I rigged up an 18 gauge ground wire to the icm with 0 luck. Same ol same ol.

I suppose I am limited to junkyard parts.
I spoke with someone about a local pick and pull that is pretty good. I'll see if they have any ICM/Coil as well as an original MAF. It is hard to come by an original MAF that isnt reman costing more than an aftermarket unit.

I was also told about an old local "buick whisperer" who used to run the local dealership shop. Apparently he only drives leSabres.

Good find on that transmission for you!

If all else fails I can always call up the shop in Minot, ND and have them send me some junkyard units from the area.

I am still hoping someone on this board has solved this issue before.

Thanks all!
 

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Discussion Starter · #6 · (Edited)
Does anyone know the possibility of a failing ecm causing an issue like this? I would assume if the ecm was a problem the junkyard part would not be working too. From my understanding the crank/cam sensors receive ground and power from the ICM directly then feeds their information signal to the ICM where it is sent to the ECM. Then there is the power line to the ICM. The ground wire from the ECM. All the other wires would be information and control wires from the ECM to the ICM.

So given that the engine fires once and then backfires to death on the new ICMs, maybe after the ECM establishes control of the ICM the engine backfires and dies? Perhaps something is amiss with the ecm to where it is unable to communicate with the new ICM correctly?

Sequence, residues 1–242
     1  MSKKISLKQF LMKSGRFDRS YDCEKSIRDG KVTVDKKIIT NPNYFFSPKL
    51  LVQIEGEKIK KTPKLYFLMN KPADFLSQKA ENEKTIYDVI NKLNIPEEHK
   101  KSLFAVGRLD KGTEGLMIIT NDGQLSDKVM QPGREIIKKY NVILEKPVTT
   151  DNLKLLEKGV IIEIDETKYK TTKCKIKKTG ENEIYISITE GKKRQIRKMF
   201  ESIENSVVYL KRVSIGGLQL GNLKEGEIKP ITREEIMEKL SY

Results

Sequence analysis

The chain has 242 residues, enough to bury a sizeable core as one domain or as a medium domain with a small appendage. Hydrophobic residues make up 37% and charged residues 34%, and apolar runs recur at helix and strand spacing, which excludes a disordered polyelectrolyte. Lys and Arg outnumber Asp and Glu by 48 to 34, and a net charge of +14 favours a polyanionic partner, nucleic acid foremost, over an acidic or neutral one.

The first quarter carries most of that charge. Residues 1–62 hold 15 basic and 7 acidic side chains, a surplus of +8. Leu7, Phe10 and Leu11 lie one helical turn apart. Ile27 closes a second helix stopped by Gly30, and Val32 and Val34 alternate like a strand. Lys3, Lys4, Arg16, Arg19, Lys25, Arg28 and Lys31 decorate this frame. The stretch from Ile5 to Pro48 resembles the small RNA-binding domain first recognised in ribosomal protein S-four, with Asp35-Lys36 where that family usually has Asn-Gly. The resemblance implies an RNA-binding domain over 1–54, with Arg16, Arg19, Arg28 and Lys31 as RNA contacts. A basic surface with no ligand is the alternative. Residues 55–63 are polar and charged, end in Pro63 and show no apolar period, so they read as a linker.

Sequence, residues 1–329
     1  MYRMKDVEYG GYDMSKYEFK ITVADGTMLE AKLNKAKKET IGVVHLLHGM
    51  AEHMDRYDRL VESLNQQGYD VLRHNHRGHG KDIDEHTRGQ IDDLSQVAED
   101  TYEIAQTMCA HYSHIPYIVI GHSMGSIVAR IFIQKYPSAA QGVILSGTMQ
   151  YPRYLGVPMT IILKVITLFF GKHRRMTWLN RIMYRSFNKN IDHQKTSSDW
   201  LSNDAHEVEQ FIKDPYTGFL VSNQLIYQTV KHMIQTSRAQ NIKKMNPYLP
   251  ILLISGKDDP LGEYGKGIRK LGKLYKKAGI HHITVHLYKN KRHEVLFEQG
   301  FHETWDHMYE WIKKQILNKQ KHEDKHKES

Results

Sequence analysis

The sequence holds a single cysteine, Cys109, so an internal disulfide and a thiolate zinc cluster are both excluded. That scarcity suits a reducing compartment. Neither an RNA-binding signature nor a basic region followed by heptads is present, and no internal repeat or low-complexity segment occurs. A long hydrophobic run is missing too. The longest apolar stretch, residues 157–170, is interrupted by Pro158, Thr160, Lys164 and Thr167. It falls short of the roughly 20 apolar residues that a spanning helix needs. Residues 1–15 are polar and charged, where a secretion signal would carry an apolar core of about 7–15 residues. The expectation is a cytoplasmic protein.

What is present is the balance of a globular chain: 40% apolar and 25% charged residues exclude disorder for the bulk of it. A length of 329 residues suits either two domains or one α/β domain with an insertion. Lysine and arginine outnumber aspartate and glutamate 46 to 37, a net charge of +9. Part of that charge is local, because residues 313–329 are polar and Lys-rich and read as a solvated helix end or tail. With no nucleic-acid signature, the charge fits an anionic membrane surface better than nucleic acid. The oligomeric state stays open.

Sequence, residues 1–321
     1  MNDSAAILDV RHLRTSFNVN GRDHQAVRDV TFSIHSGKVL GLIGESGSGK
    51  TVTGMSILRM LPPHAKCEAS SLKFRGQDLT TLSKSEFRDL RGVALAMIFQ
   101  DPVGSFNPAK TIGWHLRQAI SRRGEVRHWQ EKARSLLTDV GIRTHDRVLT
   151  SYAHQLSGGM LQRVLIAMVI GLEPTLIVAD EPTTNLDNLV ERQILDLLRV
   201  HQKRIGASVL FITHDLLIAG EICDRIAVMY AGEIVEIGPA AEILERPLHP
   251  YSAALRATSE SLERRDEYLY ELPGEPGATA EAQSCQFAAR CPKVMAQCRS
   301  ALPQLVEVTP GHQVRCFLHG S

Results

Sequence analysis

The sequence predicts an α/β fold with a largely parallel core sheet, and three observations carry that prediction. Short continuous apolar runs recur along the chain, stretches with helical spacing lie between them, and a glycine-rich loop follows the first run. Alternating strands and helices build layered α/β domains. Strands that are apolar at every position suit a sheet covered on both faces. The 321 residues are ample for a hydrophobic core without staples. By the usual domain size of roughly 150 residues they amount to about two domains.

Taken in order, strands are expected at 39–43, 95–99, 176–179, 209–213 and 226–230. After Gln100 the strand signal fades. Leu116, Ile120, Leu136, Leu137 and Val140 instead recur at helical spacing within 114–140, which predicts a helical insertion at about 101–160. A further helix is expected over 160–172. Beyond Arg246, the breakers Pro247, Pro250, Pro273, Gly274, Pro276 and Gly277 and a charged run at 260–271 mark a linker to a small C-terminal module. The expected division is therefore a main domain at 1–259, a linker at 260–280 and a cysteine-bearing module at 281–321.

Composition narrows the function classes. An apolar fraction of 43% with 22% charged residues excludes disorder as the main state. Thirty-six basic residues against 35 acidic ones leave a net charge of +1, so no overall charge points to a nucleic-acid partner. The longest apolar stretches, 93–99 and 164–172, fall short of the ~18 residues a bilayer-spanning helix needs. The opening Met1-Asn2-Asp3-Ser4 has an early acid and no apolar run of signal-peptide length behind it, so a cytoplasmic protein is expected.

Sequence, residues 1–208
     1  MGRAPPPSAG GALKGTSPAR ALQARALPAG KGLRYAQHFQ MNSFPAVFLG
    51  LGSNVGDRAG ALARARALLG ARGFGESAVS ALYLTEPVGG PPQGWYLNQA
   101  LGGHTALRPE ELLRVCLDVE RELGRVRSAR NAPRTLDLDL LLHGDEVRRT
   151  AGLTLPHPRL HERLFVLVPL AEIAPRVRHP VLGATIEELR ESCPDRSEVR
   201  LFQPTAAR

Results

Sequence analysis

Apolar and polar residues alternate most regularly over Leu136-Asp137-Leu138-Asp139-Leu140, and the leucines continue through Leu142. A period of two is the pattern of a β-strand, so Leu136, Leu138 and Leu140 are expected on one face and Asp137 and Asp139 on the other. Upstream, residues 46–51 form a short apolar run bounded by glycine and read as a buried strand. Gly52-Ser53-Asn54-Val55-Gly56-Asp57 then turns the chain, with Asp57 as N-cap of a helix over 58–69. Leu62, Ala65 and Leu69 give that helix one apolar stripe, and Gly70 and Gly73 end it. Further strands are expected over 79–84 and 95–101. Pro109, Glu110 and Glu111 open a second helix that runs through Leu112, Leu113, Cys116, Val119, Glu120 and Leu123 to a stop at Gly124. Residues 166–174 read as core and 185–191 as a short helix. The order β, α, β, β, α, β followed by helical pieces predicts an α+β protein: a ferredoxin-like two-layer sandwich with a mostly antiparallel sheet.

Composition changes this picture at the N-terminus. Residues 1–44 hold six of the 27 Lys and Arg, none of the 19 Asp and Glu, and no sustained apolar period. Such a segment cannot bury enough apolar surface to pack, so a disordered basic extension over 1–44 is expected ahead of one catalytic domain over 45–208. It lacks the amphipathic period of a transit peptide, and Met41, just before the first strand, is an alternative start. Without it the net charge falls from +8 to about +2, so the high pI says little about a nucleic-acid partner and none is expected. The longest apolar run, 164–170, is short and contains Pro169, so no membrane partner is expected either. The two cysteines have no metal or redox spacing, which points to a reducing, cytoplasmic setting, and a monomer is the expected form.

Though given that system had all its sensors changed two or so years ago and I have never had a CEL in regards to the ICM or ECM. (Only Knock Sensor and O2 sensor. Replaced the 02 and cleaning the knocks connector and body fixed those issues.) I would say since the junkyard unit operates fine, I drive on it daily, the car always starts right up, it might stumble if the engine is hot but it evens out quickly, the system has functional wires and ground; as well as functional sensors.

I believe the car exhibits decreased power and poor starting while running hot because the ICM is old and on its last leg. This idea is supported by the green goo. As you may assume the issue is a daytime summer issue, the car runs cooler at night. Though the issues only happen when the car idles for to long in the heat, driving naturally cools the system enough to regain stability. Also, the AC adds to the summer strain since its going to increase idle temps.

Also, has anyone heard anything about canadian cars using a different icm than american cars? I have not seen anything to suggest this... But I am grasping straws now.

I would like to add that I may be wrong is describing the engine as "backfiring" then dying. The best way to describe it is a violent death that sends a nasty noise to the intake area.
 

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So trying to understand your issue... in short with the junkyard icm the car runs fine when cold, but is having issues when the engine is warm plus it's got the green-goo of death. The two aftermarket icm's the car has violent mis-fires then stalls.

When you swap out to the different ICM's are you swapping to different coils as well or using the same pack?

Assuming your still using the same coil pack when swapping icms, when you installed the aftermarket icm did you try flipping the coil pack around and wiring it back in? It looks like it could plug in either way idk if that would make a difference. Maybe wires are getting crossed somewhere when you plug it in? I'm just guessing. Could just be something so simple its getting overlooked